british Cory Colliers Ltd. (Wm. Cory & Son) SS Corland [+1942]
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nationality british
purpose transport
type cargo ship
subtype/class coal cargo ship (collier)
propulsion steam
date built 1917
live live
weight (tons) 3431  grt
dimensions 103.9 x 14.3 x 7 m
material steel
engine Steam triple expansion by Richardson Westgarth & Co, Ltd. Sunderland, two single boilers, single screw
power 303  n.h.p.
speed 9.5  knots
yard no. 287
about the loss
cause lost air raid
date lost 05/02/1942  [dd/mm/yyyy]
casualties 0
about people
Austin S. P. & Son Ltd., Sunderland
engine by
Richardsons, Westgarth & Co., Middlesbrough
Cory Colliers Ltd. (Wm. Cory & Son), London
no. of crew 27
about the wreck
depth (m.) 27 max. / -- min. (m)
war grave
entered by Allen Tony
entered 17/10/2005
last update Racey Carl
last update 23/07/2012
[1] Lettens Jan01/10/2009
latitudeUK hydro member
longitudeUK hydro member
AISUK hydro member
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dist. homeportdist. homeport
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 UK Hydrographic Office
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  The Wreck today  

Lettens Jan06/08/2007

Wk is 7 metres high in 27 metres.

Lettens Jan01/10/2009

UK hydro member
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 UK Hydrographic Office

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 copyright: UK Hydrographic Office copyright: Unknown - onbekend - inconnu   
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  Hydrographic Service UK  
Racey Carl03/05/2009Built as the BUFFS for Cory Colliers Ltd, London; Yard No 287; Launch Date 02/08/1917; Carried a portrait of the King of Denmark, who was honorary Colonel of the Buffs; In 1920 vessel renamed CORLAND.

The CORLAND was on passage from Blyth to London with a cargo of 4800 tons of coal when she was bombed and sunk by german aircraft. The vessel was at anchor 2.5 miles N of 62 B buoy and was abandoned, presumed to have sunk. Crew of 27, no lives lost.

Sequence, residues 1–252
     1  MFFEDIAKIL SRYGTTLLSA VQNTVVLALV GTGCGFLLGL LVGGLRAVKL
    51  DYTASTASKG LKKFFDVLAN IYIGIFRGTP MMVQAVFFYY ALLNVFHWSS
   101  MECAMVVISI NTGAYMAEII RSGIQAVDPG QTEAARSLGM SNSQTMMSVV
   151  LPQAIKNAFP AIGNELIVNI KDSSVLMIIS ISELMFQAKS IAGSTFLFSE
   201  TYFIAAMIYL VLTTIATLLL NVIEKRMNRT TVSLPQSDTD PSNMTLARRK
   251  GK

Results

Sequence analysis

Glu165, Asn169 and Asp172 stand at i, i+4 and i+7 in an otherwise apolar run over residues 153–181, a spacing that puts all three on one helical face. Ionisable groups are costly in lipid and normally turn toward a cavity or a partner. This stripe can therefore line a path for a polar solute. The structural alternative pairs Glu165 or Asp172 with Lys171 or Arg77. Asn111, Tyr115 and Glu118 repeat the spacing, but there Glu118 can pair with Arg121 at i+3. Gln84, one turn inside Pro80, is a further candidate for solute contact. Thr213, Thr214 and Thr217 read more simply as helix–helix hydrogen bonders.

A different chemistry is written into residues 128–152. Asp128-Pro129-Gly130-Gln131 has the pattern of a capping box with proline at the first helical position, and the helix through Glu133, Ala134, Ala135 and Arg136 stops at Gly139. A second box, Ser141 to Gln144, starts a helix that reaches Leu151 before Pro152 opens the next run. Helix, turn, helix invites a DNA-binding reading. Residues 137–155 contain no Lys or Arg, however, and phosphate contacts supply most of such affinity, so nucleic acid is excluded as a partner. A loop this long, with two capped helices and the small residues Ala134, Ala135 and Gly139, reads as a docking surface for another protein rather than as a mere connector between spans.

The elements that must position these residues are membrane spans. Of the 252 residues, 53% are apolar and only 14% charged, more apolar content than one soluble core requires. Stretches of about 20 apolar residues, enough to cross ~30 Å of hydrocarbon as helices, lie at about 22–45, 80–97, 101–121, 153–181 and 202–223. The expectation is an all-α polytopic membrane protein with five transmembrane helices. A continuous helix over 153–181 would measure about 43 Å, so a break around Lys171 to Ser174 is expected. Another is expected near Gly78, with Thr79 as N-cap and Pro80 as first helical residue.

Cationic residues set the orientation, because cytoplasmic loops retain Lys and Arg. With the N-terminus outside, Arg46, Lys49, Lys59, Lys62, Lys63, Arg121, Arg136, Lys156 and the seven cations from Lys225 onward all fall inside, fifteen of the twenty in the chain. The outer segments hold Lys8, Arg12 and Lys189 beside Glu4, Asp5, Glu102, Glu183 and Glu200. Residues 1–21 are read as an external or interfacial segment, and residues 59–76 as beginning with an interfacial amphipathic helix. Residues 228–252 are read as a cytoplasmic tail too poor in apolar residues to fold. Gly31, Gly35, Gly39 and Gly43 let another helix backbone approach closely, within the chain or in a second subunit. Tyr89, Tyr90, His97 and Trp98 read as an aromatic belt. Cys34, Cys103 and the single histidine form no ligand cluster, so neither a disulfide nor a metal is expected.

ref. used: 
 Racey Carl, A Century of Steamship Losses
Lettens Jan01/10/2009UK hydro member
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 UK Hydrographic Office

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About Owners
Cory Colliers Ltd. (Wm. Cory & Son), London

Cory Colliers (William Cory & Son) Ltd. 52 Mark Lane, London. Originally in the coal trade, became tug operators. Later renamed to Cory Towage Ltd.
About Builders
 Austin S. P. & Son Ltd., Sunderland

Peter Austin (1) (1826-1846)
Peter Austin (2) (1846-1860)
Austin & Son (1860-1874)
Austin & Hunter (1874-1879)

S. P. Austin & Son Ltd. (1879-1896)
S. P. Austin Ltd. (1896-1953)

Austin’s was famous for its pontoon, which opened in 1904. The pontoon was a platform that could be sunk below a ship, then re-floated to raise the ship out of the water.

Austin’s merged with Pickersgill’s in 1954 to become Austin and Pickersgill. The yard closed in 1956

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Richardsons, Westgarth & Co., Middlesbrough
Richardsons, Westgarth Co of Low Street, Sunderland were marine engineers in Hartlepool 1900 – 1982 --- Hartlepool Engine Works, Hartlepool; Commercial Street, Middlesbrough; Scotia Engine Works, Sunderland
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SS Corland [+1942]
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